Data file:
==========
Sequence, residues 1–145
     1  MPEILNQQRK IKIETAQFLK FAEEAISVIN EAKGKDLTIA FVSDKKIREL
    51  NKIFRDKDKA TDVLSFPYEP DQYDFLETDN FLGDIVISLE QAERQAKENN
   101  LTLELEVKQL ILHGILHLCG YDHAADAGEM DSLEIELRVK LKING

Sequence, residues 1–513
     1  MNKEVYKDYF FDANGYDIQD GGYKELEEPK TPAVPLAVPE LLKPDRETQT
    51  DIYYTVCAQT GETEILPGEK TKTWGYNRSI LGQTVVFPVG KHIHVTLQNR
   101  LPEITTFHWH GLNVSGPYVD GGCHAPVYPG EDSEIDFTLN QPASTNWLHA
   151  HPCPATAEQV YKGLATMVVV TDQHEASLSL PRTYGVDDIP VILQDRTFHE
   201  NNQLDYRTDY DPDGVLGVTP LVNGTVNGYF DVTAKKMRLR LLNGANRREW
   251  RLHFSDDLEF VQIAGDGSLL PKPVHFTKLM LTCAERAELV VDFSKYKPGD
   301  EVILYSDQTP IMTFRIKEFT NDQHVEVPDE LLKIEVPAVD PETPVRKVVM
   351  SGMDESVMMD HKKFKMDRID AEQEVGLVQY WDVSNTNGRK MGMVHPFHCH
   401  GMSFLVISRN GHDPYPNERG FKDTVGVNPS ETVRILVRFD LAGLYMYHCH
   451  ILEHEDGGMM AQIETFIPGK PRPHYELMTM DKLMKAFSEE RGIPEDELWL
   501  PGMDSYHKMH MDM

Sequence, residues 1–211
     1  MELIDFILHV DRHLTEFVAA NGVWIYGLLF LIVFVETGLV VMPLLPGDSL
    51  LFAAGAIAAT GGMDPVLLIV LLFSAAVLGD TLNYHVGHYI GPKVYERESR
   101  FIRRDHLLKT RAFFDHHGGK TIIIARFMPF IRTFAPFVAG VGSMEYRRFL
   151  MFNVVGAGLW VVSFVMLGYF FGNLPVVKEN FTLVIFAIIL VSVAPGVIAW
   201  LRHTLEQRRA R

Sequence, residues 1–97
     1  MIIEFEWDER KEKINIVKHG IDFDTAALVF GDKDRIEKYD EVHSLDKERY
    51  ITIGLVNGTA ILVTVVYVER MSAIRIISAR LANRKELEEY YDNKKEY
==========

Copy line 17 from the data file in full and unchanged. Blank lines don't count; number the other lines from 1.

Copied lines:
Sequence, residues 1–211